Let’s Get Personal

While we may try to keep our work and personal lives separate, there are times they come colliding together. And social media is a great example of that.

Many employers have enacted rules about how an employee should present themselves on their personal accounts. Or if rules are not enacted, do have general guidelines. The issue is that although it may be a personal social media account, the user still represents the employer, and no matter what is said, reflects that employer.

In “Social Media Butterfly or Buffoon” an article written by Beth Roessner, senior editor, and featured in the December 2018 School Nutrition magazine, tips on how to successfully manage professional social media accounts were given. But equally important in this social media conversation is how to manage one’s personal accounts.  

Most people subscribe to some social media platform—Twitter, Facebook, LinkedIn, Instagram, Snapchat, etc. But it’s no longer an issue of simply posting whatever and whenever—it’s an issue of management. You never know who may be viewing your profile and consuming your content. Something you post now, may come back to haunt you 10 years from now. Images and other innocent posts have long lives on the internet.

Firstly, in an era of theft and privacy breaches, be sure to check privacy settings on your platforms to ensure your personal information doesn’t end up in the wrong hands. Privacy settings can also be strengthened for photos and videos to ensure they’re not viewed by unwanted eyes. However, they’re not end-all-be-all. You can hide pictures or posts from the general public or even select individuals.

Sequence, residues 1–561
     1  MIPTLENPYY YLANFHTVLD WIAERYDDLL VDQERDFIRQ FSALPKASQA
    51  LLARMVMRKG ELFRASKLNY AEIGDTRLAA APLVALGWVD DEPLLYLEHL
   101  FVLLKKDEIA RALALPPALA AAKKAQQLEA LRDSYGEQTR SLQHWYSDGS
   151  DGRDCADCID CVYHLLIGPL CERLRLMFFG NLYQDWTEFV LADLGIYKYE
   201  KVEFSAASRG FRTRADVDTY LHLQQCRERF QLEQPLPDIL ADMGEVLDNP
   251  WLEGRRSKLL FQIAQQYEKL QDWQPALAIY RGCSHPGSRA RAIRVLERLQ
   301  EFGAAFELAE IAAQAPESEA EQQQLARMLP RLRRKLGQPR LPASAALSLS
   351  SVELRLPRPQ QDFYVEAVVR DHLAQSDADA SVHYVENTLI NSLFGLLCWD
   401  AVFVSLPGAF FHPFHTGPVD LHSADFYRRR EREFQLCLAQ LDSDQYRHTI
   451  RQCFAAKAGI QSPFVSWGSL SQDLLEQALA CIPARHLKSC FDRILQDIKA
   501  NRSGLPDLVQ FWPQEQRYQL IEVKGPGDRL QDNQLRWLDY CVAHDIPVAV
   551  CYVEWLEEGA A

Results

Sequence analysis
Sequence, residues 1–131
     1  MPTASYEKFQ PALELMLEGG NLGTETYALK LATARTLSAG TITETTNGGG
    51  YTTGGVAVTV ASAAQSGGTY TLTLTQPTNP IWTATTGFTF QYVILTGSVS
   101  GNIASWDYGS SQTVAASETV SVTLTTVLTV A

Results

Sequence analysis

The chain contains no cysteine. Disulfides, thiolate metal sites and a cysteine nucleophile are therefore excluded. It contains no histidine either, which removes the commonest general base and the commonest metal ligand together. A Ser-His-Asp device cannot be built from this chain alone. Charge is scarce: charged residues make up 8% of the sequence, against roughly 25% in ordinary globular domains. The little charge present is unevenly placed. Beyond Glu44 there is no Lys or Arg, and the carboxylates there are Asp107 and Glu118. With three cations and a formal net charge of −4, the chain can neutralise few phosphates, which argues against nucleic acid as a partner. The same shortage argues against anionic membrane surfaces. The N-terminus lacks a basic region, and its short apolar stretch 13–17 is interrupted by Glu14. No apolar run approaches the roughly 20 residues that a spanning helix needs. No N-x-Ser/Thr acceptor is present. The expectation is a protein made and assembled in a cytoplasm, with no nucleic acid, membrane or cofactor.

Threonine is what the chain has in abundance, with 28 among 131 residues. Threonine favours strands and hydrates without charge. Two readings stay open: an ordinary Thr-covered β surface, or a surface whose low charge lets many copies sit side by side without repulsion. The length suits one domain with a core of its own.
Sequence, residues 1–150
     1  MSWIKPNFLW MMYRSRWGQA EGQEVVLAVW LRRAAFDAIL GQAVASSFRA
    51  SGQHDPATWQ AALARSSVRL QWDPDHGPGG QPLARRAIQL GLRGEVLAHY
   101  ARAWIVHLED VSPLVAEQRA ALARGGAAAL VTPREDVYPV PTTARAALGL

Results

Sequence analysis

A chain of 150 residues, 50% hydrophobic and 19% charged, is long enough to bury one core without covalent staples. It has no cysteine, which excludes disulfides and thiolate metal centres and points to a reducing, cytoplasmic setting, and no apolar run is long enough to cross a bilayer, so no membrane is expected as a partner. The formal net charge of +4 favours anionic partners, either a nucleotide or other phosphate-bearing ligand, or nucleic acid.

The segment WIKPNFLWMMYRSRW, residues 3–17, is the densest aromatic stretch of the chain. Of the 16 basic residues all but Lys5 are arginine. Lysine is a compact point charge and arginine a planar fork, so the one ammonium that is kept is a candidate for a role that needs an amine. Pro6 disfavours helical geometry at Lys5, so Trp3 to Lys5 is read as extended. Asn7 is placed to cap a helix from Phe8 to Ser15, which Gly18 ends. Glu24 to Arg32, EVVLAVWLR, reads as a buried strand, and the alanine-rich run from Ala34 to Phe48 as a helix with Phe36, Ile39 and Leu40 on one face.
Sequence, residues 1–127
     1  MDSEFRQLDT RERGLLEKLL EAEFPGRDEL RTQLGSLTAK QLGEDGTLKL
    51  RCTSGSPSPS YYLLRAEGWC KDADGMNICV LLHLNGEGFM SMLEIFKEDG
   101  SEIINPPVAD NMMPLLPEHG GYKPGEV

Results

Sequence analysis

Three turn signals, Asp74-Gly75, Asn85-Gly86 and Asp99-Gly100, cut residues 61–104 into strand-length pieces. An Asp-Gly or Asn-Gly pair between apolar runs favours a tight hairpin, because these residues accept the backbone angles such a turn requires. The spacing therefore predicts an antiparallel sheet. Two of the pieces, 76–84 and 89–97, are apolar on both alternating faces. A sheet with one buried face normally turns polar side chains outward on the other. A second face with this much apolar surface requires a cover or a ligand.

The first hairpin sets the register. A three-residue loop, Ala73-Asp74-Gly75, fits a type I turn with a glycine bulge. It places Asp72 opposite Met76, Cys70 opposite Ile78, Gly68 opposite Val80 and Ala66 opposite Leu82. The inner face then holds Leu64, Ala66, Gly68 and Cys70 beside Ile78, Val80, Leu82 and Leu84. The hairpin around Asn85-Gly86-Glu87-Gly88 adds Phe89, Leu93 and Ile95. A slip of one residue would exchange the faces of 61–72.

Secondly, consider how you portray yourself on social media. Potential employers and current employers can come across your feed and find something that doesn’t jive with the company’s policies and decide to act in some capacity. If a colleague views your profile and is offended by something, they could report you to your employer.

“I always caution people,” says Stefani Dove, RD, SNS, coordinator of marketing and community outreach, Loudoun County (Va.) Public Schools. “I refrain from posting anything political, anything about religion and anything of that nature, because you have to be mindful. Even though it’s your personal page, you’re still representing your program.”

“If the local news channel was coming and interviewing you and you are not comfortable saying it on camera, then don’t post it,” she says. “Step back and think.” In her opinion, Dove thinks it’s best to stay away from controversial topics like religion or politics.

But social media does have its bright spots. Dove adds, your personal page is a great place to cross-promote your program’s social media feeds to spread the word and further reach. Your program’s social media pages will gain extra exposure to new audiences when you cross promote. 

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